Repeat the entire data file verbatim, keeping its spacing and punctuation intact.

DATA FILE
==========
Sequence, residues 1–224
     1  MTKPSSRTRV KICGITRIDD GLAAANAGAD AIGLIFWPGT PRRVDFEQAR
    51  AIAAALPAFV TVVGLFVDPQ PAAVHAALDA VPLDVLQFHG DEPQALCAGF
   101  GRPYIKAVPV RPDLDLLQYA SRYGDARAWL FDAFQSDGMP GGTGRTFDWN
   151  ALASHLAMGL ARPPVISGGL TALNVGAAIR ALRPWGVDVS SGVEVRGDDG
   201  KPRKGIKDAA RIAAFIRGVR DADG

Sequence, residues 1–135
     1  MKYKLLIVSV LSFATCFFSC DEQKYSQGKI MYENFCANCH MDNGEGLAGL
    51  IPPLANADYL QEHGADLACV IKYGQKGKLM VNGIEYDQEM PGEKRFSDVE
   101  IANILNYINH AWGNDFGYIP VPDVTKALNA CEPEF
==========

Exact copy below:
Sequence, residues 1–224
     1  MTKPSSRTRV KICGITRIDD GLAAANAGAD AIGLIFWPGT PRRVDFEQAR
    51  AIAAALPAFV TVVGLFVDPQ PAAVHAALDA VPLDVLQFHG DEPQALCAGF
   101  GRPYIKAVPV RPDLDLLQYA SRYGDARAWL FDAFQSDGMP GGTGRTFDWN
   151  ALASHLAMGL ARPPVISGGL TALNVGAAIR ALRPWGVDVS SGVEVRGDDG
   201  KPRKGIKDAA RIAAFIRGVR DADG

Sequence, residues 1–135
     1  MKYKLLIVSV LSFATCFFSC DEQKYSQGKI MYENFCANCH MDNGEGLAGL
    51  IPPLANADYL QEHGADLACV IKYGQKGKLM VNGIEYDQEM PGEKRFSDVE
   101  IANILNYINH AWGNDFGYIP VPDVTKALNA CEPEF